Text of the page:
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Lakeview, Wrigleyville, Northalsted

How One Of The Youngest Executive Chefs In Chicago Went From Grilled Cheese To mfk

Alisha Elenz is the top chef at mfk., which has received three Bib Gourmands in three years.

Alisha Elenz became the executive chef at mfk. in Lakeview when she was 23 years old.
Kelly Bauer/Block Club Chicago
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LAKEVIEW — Alisha Elenz has spent all her life in one kitchen or another, tagging along to her mom’s job at a banquet hall, helping in her uncle’s pizza parlor and cooking up seafood at her own job at mfk.

But Elenz still remembers her first dish: Her mom was at work and Elenz, home alone, decided she wanted a grilled cheese. She was too short to manage the stove, so she stuck the cheese into the microwave to melt it.

The result was less than ideal, but Elenz didn’t give up. For her next attempt, she turned her toaster on its side and stuck the bread and cheese inside. That sandwich was … slightly better. Edible, at least. Maybe even good, considering the chef’s age and skill level, Elenz contends.

It was the first dish in a long line of them, though Elenz, of Lakeview, didn’t know it at the time. The 24-year-old is now the executive chef — aka, the chef — at mfk., 432 W. Diversey Parkway, where she’s been part of the team that helped the restaurant rack up three of Michelin’s prestigious Bib Gourmands in as many years.

Needless to say, her cooking skills have improved since that first grilled cheese.

Credit: Provided
mfk. chef Alisha Elenz holds a summer special from the restaurant: steelhead trout dish basted in an almond-infused brown butter and topped with an olive chimichurri. [Provided]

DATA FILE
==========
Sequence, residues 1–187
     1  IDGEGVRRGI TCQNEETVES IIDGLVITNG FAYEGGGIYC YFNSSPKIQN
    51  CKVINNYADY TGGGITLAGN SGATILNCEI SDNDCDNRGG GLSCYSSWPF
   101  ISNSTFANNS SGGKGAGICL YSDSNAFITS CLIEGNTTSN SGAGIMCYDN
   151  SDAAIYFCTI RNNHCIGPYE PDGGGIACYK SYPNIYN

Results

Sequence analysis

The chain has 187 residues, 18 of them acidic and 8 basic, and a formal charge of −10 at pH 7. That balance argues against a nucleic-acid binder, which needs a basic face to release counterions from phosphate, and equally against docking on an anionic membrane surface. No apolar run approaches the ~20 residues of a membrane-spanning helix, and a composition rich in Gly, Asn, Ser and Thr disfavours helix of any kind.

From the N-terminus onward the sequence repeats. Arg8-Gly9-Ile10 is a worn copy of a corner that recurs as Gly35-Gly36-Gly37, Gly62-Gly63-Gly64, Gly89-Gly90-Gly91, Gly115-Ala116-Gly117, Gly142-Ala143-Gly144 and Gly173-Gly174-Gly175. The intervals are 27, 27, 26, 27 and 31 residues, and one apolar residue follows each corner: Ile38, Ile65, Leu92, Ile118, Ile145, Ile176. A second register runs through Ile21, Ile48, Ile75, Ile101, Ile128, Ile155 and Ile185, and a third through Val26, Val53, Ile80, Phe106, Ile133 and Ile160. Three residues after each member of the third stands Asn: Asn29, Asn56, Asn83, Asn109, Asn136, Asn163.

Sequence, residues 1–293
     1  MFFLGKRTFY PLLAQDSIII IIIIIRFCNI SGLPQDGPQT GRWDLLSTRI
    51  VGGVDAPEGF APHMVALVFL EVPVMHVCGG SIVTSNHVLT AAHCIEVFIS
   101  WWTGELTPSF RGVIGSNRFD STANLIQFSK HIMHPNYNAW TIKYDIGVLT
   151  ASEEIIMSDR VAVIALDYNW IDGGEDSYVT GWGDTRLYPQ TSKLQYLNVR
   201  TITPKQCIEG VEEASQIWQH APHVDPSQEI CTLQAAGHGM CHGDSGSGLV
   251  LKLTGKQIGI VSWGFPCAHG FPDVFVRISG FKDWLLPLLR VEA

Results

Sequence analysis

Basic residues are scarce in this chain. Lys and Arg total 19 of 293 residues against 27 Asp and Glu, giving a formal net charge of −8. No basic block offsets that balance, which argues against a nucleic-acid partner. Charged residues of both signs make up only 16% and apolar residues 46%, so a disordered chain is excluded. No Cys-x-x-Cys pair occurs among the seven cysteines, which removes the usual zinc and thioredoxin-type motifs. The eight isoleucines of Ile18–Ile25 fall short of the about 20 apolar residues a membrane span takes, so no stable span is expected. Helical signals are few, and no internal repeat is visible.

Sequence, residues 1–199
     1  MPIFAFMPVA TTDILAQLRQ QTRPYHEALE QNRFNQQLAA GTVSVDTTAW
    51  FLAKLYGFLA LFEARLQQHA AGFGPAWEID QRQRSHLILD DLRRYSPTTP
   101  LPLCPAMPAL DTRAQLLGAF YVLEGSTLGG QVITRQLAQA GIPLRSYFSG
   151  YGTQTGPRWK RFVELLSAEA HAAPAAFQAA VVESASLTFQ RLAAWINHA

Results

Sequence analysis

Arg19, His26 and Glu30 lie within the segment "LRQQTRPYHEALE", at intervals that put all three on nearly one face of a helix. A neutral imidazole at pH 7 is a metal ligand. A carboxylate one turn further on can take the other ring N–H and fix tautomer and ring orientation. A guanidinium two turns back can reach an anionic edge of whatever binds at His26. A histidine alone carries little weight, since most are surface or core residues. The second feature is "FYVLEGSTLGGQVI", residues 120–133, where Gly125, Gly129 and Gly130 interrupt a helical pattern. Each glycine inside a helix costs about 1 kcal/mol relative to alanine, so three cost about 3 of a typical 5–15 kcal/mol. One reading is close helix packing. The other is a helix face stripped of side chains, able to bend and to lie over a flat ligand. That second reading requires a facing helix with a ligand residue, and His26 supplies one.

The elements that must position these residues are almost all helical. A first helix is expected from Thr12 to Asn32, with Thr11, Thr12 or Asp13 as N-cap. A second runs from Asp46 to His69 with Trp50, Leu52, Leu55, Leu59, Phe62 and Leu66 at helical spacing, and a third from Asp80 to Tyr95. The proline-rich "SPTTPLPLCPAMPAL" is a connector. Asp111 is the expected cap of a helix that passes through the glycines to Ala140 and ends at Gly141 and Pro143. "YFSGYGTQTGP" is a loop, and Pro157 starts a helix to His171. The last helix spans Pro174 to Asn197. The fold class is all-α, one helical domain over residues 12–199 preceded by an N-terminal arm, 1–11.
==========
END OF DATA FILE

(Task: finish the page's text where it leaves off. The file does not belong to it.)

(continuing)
‘You Might As Well Just Do It’

Elenz’s family has worked in and out of restaurants for as long as she can remember. She’d go to her mom’s job in a banquet hall — not cooking anything; just annoying the employees — or help out at her uncle pizza’s parlor.

“I think there’s a lot of little moments of things that happened, but I didn’t realize those moments until after,” Elenz said.

It wasn’t until she was 19 and a cashier in her uncle’s restaurant that cooking stuck. A chef called out and no one was able to take on the job.

“It’s a slow night. Do you want to do it?” they asked Elenz.

The night ended up being anything but slow — but Elenz quickly realized she loved the adrenaline rush of a busy kitchen.

“To have that moment, it was like, ‘Oh, shoot. This is really cool. I have to do something with this,'” Elenz said. “It wasn’t easy from there. It was a lot of hard work.”

Elenz decided to go to culinary school, but first she staged at restaurants across Chicago. It was while at BellyQ that a chef told her going to culinary school would be “the biggest mistake I ever made.”

“You could go to culinary school, but you’re already doing it, so you might as well just do it,” chefs said, according to Elenz.

So, Elenz did it, forgoing culinary school.

Credit: Kelly Bauer/Block Club Chicago
Alisha Elenz became the executive chef at mfk. in Lakeview when she was 23 years old.

There were challenges with that approach, Elenz said: She wasn’t as familiar with techniques as others who went to culinary school, and some ingredients were foreign to her. A native of the northwest suburbs, Elenz jokes she grew up on steak and potatoes — which is why she was at a loss when someone in the kitchen first mentioned “fennel” to her.